Traveling Mercies is her work before Plan B. It is the story of how she came to faith in God. I was happily reading along when I got to page 27 and read this sentence: “Then one day [Mrs. Gossman] gave us Kierkegaard’s Fear and Trembling, and my life changed forever.”
Call me crazy or a gullible religious freak seeing God’s hand in every sunrise and impossibly claustrophic situation, but did she just say “…Kierkegaard’s Fear and Trembling, and my life changed forever…”? I reread this sentence over and over again terrified to go on.
I don’t know how many times I reread that sentence wondering just what the odds were that the very book I was avoiding reading was going to be discussed in the book I was reading instead.
Journey to the Center of the Earth was the inflight movie. I wasn’t listening to it, but I looked up and watched the lovely Brendan Frasier running around all sweaty for at least one scene while I gathered myself together before going on. Sunflower seed lady’s magazine somehow escaped and she was squirming and twisting around trying to retrieve it from between her legs. I shamefully admit that I allowed her to struggle a tad longer than was absolutely necessary before I held my gin and tonic up with one hand, tucked my book under my chin and contorted myself into an impossible pretzel and rescued her magazine from between her thighs. All the while bracing myself because I knew I was about to receive a Word from the Lord. I’d fasted. I’d prayed. I’d lamented. I’d begged, pleaded and bargained and cajoled all in the lovely and spacious comfort of my home. And now here He was. I don’t know why He’d decided now, in this impossibly teeny, tiny space, as the exact moment He was coming to give me a message but this was it. This was His moment and He was coming in.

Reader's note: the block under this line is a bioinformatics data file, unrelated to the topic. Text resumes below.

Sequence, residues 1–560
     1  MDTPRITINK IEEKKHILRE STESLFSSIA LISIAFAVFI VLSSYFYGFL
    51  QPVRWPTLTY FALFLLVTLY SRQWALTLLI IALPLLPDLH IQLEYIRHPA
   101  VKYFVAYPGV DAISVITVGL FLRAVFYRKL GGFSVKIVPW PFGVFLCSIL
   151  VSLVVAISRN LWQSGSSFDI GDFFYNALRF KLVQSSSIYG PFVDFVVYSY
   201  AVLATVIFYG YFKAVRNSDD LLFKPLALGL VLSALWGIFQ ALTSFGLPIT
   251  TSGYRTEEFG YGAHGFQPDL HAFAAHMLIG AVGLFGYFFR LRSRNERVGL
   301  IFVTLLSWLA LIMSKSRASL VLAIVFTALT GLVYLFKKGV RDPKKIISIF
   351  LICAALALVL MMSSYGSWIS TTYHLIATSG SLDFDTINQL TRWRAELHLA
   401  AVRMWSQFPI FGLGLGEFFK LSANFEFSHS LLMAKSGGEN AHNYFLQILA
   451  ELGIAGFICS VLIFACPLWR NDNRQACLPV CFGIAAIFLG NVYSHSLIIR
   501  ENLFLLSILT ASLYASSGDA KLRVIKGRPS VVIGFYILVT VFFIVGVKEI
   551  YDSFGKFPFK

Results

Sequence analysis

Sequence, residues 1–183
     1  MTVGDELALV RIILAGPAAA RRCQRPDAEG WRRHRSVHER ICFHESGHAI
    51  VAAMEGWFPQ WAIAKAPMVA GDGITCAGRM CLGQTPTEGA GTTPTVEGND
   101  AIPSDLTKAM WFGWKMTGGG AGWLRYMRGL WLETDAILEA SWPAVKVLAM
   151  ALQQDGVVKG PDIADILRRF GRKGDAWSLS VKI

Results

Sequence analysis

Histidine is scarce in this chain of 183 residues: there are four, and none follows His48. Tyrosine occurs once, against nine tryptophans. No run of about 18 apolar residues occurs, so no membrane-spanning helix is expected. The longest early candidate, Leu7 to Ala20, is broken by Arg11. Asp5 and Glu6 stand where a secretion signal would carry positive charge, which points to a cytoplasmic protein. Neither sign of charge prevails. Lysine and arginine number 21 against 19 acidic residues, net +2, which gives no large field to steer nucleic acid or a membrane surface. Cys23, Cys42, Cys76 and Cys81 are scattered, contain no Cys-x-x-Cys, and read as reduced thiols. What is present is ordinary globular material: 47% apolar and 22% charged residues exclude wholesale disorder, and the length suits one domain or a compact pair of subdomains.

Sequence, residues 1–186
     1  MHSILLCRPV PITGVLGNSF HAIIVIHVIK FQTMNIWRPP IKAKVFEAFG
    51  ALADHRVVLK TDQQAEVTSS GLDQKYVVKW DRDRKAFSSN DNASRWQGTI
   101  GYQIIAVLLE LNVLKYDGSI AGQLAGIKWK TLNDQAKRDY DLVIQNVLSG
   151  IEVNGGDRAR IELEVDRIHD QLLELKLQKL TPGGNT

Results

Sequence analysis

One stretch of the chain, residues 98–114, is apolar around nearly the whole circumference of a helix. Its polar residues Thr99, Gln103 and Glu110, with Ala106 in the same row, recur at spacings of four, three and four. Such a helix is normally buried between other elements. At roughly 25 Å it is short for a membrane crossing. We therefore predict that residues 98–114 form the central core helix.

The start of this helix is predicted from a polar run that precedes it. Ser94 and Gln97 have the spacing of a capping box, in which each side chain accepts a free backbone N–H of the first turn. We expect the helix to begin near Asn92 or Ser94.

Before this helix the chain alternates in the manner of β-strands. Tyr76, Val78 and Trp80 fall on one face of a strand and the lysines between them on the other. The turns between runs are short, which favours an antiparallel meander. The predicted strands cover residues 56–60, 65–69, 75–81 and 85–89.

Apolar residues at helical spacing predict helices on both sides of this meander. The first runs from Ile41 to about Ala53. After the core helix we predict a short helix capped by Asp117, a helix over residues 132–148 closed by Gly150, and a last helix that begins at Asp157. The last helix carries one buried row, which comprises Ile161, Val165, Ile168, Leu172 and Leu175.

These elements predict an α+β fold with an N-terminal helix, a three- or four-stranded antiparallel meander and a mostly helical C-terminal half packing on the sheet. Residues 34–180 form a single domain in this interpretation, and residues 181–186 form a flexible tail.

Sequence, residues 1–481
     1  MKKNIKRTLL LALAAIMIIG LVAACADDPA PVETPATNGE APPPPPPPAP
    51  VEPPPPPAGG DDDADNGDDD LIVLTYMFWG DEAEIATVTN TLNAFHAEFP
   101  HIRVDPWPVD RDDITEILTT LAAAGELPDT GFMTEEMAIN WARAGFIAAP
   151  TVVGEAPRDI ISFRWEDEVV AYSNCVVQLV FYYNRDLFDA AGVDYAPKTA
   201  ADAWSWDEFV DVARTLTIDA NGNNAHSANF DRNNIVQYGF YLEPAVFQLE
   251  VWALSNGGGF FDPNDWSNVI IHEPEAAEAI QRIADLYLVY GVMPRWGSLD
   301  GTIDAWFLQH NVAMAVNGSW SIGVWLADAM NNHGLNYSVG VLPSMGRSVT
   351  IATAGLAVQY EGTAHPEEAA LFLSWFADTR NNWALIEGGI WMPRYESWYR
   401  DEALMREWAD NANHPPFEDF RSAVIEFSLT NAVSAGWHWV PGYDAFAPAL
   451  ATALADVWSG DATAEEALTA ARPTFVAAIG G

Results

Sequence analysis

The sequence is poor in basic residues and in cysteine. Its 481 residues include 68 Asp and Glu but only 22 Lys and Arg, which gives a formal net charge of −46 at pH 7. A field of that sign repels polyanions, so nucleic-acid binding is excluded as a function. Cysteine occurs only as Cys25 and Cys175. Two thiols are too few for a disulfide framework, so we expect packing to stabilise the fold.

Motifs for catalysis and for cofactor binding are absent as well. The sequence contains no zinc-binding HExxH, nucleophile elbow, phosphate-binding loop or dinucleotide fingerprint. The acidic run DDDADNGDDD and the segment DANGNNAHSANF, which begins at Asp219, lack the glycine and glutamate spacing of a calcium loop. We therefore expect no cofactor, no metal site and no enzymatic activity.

There are seven sentences in the next paragraph of Traveling Mercies. I would love to quote all of them but I won’t. I think I started crying on sentence three. By sentence six, tears were streaming down my face and, by sentence seven, I was having a full-blown crying jag epiphany. Here and now, squished and panicked, right this very moment, I was being led out of the spiritual desert I’ve been in for the better part of FOUR YEARS. Here are sentences six and seven:
[Abraham] understood that without God’s love and company, this life would be so empty and barbaric that it almost wouldn’t matter whether his son was alive or not. And since this side of the grave you could never know for sure if there was a God, you had to make a leap of faith, if you could, leaping across the abyss of doubt with fear and trembling.
Two paragraphs later, Lamott says this, “In the interior silence that followed my understanding of this scene, I held my breath….” I was holding my breath. Tears were streaming down my face. God was here. Him, me, these two incredibly large people, all squished into row 19. I didn’t have a kleenex and so the tears and the snot flowed. And I felt God there with me. I could let go of my son. I could let go of my number one idol: my family.
You see, I had made my family my idol. If I had a good marriage and raised good, godly children who turned out ok, then that meant that I was ok. I could parade it all around and show myself and everyone else that I had overcome. They were my evidence that I’d healed from my terrible childhood. They were my evidence that I was a functional, healthy person. They were my proof. I had needed my son to be ok to show the world…to show me…that I was ok. And right there in Row 19, God was asking me to give up my idol and let Him be my God instead.
I don’t know how anything is going to turn out with my son. But as much as a person can know, I know there is a God who loves me and loves my son and loves you. He’s not asking me to wield a knife and toss my son into a blaze, but He is asking me to let go and trust Him, to make a leap of faith that somehow, no matter how dark it gets, no matter how hopeless it seems, that He will be here with me. That all I have is Him.